In this period it was Napoleon who most frequently is embodied in the Dragon. A Rowlandson print of 1808 based on an earlier design shows the seven-headed Beast, in which the upper left head is that of Napoleon. Here we see features which seem distinctly his, that strong jaw, that prominent nose. It is a view of the Beast in line with the most popular satire of Blake’s time (slides 13, 14, 15; depicting close-up of NT Napoleon and Napoleon and a French satirical print using biblical beast imagery for political purposes).

What makes a study of Blake’s politics so fascinating is, for me, not only that the examples of political engagement in Blake’s art are indeed myriad, but also that these very examples raise fundamental questions about the very nature of politics and art-making.

Although the Songs of Innocence and Experience do not, so far as we know at present, depict specific figures such as Napoleon, or William Pitt, or Charles James Fox the Leader of the Opposition, nonetheless, in the Songs we are confronted with poem after poem charting political, social and psychological injustice. Unlike “the English cild”, the Little Black Boy (Songs of Innocence) is “Black as if bereav’d of light”, and looks forward to death: “When I from black and he from white cloud free. / And then round the tent of God like lambs we joy (slide 16, The Little Black Boy, page 2):

I’ll shade him from the heat till he can bear,
To lean in joy upon my fathers knee
And then I’ll stand and stroke his silver hair,
And be like him and he will then love me.

            Blake shared many of his contemporaries’ indignation against the slave trade, and also against the enslavement of women, and children. In Holy Thursday (S1) the poorest children march in tight procession to St. Paul’s Cathedral to display their piety. (slide 17, Innocence). In Holy Thursday (SE, slide 18) we are asked:

Is this a holy thing to see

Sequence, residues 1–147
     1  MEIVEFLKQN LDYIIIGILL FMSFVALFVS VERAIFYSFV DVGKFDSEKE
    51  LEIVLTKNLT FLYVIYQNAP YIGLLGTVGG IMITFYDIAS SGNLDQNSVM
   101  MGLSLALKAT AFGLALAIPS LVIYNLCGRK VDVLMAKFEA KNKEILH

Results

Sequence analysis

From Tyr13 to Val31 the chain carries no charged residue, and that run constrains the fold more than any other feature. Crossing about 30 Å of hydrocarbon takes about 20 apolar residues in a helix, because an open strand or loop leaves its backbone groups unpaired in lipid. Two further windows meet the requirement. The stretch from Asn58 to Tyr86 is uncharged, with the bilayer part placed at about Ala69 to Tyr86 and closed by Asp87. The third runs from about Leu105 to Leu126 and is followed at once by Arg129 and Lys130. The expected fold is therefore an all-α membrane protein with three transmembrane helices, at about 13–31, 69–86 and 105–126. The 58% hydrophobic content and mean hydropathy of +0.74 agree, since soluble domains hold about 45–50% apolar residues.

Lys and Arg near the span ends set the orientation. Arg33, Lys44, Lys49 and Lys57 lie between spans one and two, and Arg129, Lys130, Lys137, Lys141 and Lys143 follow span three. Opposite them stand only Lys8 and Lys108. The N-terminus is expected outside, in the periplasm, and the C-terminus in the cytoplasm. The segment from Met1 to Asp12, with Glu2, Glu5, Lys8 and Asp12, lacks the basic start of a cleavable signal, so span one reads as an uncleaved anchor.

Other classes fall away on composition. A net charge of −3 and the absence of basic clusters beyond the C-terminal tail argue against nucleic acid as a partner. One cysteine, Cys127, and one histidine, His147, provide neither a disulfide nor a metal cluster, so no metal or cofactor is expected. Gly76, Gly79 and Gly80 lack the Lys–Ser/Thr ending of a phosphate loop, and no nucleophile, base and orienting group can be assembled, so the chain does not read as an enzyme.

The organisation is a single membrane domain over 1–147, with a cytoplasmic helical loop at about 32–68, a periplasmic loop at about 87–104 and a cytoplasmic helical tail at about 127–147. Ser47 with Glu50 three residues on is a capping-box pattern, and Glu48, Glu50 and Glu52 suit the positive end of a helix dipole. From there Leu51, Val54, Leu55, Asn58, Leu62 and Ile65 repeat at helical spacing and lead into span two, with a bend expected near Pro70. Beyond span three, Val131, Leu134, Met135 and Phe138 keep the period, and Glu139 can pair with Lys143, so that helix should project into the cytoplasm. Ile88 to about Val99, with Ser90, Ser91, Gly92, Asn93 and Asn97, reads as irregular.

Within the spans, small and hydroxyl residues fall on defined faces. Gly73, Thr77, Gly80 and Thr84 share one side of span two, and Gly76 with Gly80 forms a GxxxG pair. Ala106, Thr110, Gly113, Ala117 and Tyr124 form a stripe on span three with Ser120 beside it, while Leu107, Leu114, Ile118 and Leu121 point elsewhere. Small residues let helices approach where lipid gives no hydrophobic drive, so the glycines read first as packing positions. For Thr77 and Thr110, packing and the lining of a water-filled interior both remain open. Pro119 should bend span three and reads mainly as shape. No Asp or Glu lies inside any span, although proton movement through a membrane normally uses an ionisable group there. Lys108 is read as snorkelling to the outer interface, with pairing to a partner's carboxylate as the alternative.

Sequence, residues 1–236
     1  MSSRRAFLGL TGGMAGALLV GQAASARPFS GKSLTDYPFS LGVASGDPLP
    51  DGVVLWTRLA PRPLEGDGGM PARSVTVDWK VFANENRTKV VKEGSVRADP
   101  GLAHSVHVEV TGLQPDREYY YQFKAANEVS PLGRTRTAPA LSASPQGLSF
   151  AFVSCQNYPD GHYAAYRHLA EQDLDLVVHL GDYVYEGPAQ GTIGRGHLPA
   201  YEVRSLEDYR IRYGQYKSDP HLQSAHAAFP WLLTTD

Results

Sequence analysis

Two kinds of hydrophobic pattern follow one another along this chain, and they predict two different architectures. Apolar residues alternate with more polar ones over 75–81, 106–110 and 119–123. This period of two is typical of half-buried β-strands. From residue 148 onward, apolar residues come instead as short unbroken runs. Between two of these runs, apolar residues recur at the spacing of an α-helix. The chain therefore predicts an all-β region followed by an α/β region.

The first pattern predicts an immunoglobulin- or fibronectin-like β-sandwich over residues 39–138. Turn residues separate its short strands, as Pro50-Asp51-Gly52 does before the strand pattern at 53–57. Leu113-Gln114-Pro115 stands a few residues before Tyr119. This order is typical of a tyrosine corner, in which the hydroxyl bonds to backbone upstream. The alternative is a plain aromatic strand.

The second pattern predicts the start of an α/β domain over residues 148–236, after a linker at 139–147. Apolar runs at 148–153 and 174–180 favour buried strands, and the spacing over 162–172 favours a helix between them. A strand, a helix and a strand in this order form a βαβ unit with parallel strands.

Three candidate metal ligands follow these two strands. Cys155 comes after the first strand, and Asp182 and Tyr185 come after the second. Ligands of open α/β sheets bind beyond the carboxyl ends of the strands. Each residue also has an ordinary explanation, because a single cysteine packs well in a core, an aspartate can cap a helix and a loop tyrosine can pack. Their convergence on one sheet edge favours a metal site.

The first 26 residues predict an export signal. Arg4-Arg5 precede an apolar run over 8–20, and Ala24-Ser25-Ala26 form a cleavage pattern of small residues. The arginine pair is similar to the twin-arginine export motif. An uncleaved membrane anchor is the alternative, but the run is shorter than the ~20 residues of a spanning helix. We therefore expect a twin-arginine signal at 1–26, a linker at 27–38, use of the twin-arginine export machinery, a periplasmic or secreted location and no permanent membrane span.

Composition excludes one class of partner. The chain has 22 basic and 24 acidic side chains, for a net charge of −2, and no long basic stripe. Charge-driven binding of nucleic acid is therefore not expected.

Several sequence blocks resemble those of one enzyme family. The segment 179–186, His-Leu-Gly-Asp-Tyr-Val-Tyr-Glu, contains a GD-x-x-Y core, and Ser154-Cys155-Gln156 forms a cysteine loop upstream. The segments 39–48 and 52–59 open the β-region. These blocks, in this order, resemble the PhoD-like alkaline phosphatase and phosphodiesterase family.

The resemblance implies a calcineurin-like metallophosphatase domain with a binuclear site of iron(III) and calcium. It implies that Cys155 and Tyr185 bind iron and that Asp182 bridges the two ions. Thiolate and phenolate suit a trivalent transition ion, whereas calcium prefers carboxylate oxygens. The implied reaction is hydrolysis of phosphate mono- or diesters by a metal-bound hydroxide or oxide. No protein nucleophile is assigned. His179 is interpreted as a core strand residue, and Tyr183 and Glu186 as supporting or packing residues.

In rich and fruitful land
Babes reduced to misery,
Fed with cold and usurous hand?

For Blake’s England “is a land of poverty!”

And their sun does never shine
And their fields are bleak & bare
And their ways are fill’d with thorns
It is eternal winter there.

Similarly in The Little Vagabond, “the Church is cold/ But the Ale-house is healthy & pleasant & warm” (slide 19). The Priest in A Little Boy Lost strips the weeping child of his little shirt and binds him with an iron chain (slide 20):

And burn’d him in a holy place
Where many had been burn’d before
The weeping parents wept in vain
Are such things done Albions shore

And schoolchildren in The School-Boy “spend the day/ In sighing and dismay.” (slide 21).

In London, the largest city in the world, the poet wanders

…thro each charter’d street,
Near where the charter’d Thames does flow
And mark in every face I meet
Marks of weakness, marks of woe.

In every cry of every Man
In every infants cry of fear
In every voice in every ban
The mind-forg’d manacles I hear

How the Chimney-sweepers cry
Every blackning Church appalls
And the hapless Soldiers sigh
Runs in blood down Palace walls

But most thro midnight streets I hear
How the youthful Harlots curse
Blasts the new-born infants tear
And blights with plagues the Marriage hearse

There is sexual repression in this land, where “dark secret love” in the form of

The invisible worm
That flies in the night
In the howling storm: